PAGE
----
15 key produce safety lessons
Bob Whitaker, Produce Marketing Association’s chief science officer and chairman of the Center for Produce Safety’s (CPS) Technical Committee, has provided a list of 15 take-away points from reports at the recent Produce Research Symposium:
• Leafy Green Marketing Agreement “buffers” seem to work.
• Improper composting can result in pathogen survival.
• Initial data suggest sheep can be carriers of Salmonella.
• Pathogens do not survive well in the production environment. Attenuated E. coli O157:H7, applied by a spray to simulate what might happen if an overhead irrigation water source were contaminated with the pathogen, does not survive well on the leaf surfaces of either spinach or lettuce. The pathogen dies off and is hard to detect after two days.
• Pathogens are not taken up through the roots of a plant. Attenuated E. coli O157:H7 delivered to the roots of growing spinach plants via drip irrigation does not traverse the root and get taken up by the plant.
• Pathogens do not seem to move through the soil. Attenuated E. coli O157:H7 inoculated into the soil or sprayed on top of the soil did not survive past seven days.
• Pathogens may survive for longer periods when associated with organic matter. Spinach inoculated with E. coli O157:H7 and turned under the ground was recoverable from the soil for 100 days. This work will be repeated in 2010 using practices for preparing fields for replanting.
• A technology to permit storage of pathogen DNA can aid investigations. FTE filter papers can be used to store DNA from bacteria for up to 10 months at room temperature. By storing sample extracts on filter papers, hundreds of samples can be taken and then assayed at a future date.
• A “perfect storm” can result in pathogen growth. Moisture, temperature and perhaps other factors may create conditions where pathogens can survive. A rainfall event followed by warm temperatures created a situation where multiple genetic variants of E. coli O157:H7 were recovered in both raw lettuce and finished products.
Reports showed that buffer zones work:
• Leafy Green Marketing Agreement, or LGMA, “buffers” appear to work. Rapid-response experiments show that following a field intrusion by feral pigs, elevated levels of generic E. coli were found where the pigs obviously contacted the crop, but not beyond the 10-foot buffer zone prescribed by LGMA metrics.
• Larger sample sizes increase the chance of finding pathogens.
• Nonpathogenic bacteria may be used to identify conditions that permit pathogen survival. Bacterial populations that exist on the surface of leaf vegetables change by location and season. In a risk-based testing system, these nonpathogen bacteria could be used in conjunction with other measurements as “indicators” to identify when there may be an elevated risk of pathogen contamination or survival.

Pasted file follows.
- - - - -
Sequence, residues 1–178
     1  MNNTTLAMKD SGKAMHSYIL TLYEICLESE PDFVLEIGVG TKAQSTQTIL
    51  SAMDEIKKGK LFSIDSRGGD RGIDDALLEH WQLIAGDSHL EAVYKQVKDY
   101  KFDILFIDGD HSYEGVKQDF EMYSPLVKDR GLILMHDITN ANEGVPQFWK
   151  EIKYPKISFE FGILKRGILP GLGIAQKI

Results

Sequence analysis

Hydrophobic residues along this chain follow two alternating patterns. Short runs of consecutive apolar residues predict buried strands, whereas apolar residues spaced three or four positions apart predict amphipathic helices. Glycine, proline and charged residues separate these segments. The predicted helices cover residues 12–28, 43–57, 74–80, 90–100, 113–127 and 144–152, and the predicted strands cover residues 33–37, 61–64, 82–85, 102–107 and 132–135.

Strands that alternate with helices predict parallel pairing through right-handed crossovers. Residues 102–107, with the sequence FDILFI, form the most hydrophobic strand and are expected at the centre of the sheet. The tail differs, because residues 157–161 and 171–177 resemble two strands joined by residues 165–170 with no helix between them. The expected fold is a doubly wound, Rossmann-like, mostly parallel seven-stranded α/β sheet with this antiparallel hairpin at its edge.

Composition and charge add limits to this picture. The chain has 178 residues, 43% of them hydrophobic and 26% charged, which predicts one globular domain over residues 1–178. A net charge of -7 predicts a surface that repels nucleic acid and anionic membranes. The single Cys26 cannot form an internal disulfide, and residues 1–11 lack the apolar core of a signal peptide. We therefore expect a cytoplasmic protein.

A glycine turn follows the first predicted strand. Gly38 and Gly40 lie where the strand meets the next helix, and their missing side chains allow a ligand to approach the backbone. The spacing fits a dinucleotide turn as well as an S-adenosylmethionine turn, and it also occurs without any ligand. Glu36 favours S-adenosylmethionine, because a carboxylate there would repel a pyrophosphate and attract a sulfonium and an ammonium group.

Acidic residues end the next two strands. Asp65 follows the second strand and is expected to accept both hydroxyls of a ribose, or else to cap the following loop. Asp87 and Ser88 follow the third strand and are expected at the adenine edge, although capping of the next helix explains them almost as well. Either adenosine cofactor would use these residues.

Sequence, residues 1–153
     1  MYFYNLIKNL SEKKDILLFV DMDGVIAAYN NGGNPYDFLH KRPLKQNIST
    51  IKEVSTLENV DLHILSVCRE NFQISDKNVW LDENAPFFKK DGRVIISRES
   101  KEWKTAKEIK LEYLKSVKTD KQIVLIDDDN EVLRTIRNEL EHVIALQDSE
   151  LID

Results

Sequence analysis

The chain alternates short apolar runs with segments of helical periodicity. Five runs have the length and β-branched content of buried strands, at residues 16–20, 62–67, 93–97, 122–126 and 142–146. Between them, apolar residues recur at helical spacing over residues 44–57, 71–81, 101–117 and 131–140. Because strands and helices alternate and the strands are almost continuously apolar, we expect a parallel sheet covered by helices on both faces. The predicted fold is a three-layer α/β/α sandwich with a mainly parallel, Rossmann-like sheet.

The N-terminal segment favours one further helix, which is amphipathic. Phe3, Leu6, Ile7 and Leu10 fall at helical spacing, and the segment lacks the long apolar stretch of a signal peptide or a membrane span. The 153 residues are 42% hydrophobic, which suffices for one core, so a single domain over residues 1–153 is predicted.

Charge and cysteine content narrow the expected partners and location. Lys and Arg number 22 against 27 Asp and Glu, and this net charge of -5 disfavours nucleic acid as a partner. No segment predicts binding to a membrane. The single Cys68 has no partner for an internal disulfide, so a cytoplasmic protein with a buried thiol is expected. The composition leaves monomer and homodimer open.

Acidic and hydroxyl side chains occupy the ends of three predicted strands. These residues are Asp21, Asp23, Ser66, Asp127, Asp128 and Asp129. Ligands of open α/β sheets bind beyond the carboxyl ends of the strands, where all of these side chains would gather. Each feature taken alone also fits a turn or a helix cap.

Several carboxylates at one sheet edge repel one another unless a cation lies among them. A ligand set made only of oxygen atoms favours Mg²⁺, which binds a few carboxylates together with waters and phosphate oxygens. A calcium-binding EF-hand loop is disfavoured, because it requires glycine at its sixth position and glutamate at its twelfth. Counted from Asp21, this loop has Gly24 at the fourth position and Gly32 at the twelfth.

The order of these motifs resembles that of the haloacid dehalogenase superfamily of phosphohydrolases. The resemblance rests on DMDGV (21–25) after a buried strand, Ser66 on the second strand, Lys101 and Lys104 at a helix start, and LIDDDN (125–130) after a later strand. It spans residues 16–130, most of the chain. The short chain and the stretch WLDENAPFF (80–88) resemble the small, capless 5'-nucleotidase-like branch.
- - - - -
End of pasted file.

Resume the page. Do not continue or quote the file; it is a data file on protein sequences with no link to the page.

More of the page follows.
• Filth flies may be a potential vector for E. coli O157:H7. Flies have the capacity to transmit E. coli O157:H7 to the surface of vegetables under laboratory conditions. A very low prevalence of flies captured near vegetable production fields test positive for E. coli O157:H7.
• Modification of lettuce-coring knives can reduce the risk of pathogen contamination. By extending the common coring tool away from the cutting blade, the chance of cross-contamination is reduced. Further, by polishing joint welds, the tools are much easier to sanitize.
• LAMP technology (a software package) has been shown to have the potential to provide a quantitative assay of Salmonella that is 10 times more sensitive than PCR (this polymerase chain reaction is a scientific technique to amplify a single or few copies of a piece of DNA). The use of an intercalating agent permits the assay to distinguish between live and dead cells.
The reports covered whether sheep can carry Salmonella.
• Preliminary data suggest that sheep can be carriers of Salmonella. Bands of sheep sampled for Salmonella were shown to be carriers. Further experimentation is required to determine if grazing sheep represent a contamination risk.
• Improper composting can result in pathogen survival. Moisture, “heat-up times,” temperature, turns and other factors significantly affect the ability of pathogens in compost to survive the process.
• Bacteriophages (viruses that infect bacteria) may be a useful tool to improve the sensitivity of assaying finished compost for pathogens. It has been difficult to develop reliable tests for pathogens in complex organic backgrounds like compost, where many nonpathogenic species are also present. Using bacteriophages to kill competing species can improve pathogen recovery.
This article published in the October, 2010 edition of CALIFORNIA FARMER.